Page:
Rationale for a new anchor design
Mooring accounts for around 15-20% of total floating wind costs. We have optimized an anchoring system for floating offshore wind by combining the versatility and low-cost of concrete materials with the efficiency of a suction anchor. Concrete can be cast in many forms and can leverage the existing local supply chain. Moving away from heavy steel-use for offshore wind structures is a trend that other experienced players in this field, e.g., Equinor and Ideol, have already embraced. Additionally we envisioned adding flotation capabilities to the anchor to allow for wet-towing. With this new design, we propose to cut costs by 80% in the anchoring systems CaPEx while maintaining all the advantages of a suction-assisted installation anchor (omni-directional loading capacity, installation accuracy, and environmentally friendly instillation and removal).
The suction anchor is made of two chambers. The main suction chamber sits at the bottom. At the top of the anchor, a special buoyancy chamber is realized via a pair of dome-shape walls. The domes and the hatches are designed to keep the domes at rest or under compression at all times during installation, operation, and removal. This structural arrangement allows for the minimization of the necessary reinforcement and for the creation of additional buoyancy. With an air bag creating a water-tight seal at the bottom, and with the buoyancy chamber evacuated, the anchor can be wet-towed to the installation site with inexpensive vessels.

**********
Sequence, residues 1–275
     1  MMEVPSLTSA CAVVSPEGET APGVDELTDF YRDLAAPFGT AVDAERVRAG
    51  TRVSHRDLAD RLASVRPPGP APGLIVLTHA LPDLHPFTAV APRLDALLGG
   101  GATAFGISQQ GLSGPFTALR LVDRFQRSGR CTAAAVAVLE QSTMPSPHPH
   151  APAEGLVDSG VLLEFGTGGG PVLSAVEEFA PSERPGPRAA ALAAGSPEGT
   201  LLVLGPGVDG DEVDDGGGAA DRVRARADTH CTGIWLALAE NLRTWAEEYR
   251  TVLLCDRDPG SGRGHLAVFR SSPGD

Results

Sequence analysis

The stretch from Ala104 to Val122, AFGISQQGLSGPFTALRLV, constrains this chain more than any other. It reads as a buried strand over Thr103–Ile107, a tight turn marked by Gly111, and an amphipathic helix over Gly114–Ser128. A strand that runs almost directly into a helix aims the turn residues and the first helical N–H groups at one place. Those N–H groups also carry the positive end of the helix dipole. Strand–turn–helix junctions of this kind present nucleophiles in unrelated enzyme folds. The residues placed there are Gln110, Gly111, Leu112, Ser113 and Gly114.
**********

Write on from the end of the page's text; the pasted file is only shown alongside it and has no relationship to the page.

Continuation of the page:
This new, patent-pending, three-dimensional post-tensioning arrangement allows us to mitigate longitudinal, radial, and circumferential tensile stresses that would otherwise arise in the suction skirt under certain loading conditions. This system allows for an efficient use of concrete and reduced use of steel reinforcement in the anchor, making it very economically attractive.
At the padeye, loads from the mooring line fairlead give rise to stress concentration and localized shear and bending in the concrete walls that must be overcome with an ad-hoc structural design. FWTC conceived three patent-pending solutions: an external steel fascia with load-transferring pins fastened to a recess in the suction skirt; a tendon assisted load distribution strategy; an integrated plate that uses existing tendons.
We designed the anchor for both a 10-MW and a 15-MW OWT system at sites offshore Scotland. We have also carried out a sensitivity analysis showing a wide range of soil and water conditions for this new anchor applicability. From a design standpoint, the anchor is structurally efficient and reliable; from an economic standpoint, the new anchor shows a great cost-cutting advantage for developers of floating offshore wind.
The next steps in the anchor design will require structural testing, sea-trials, and 3rd-party certification.
If interested in this technology, please contact us.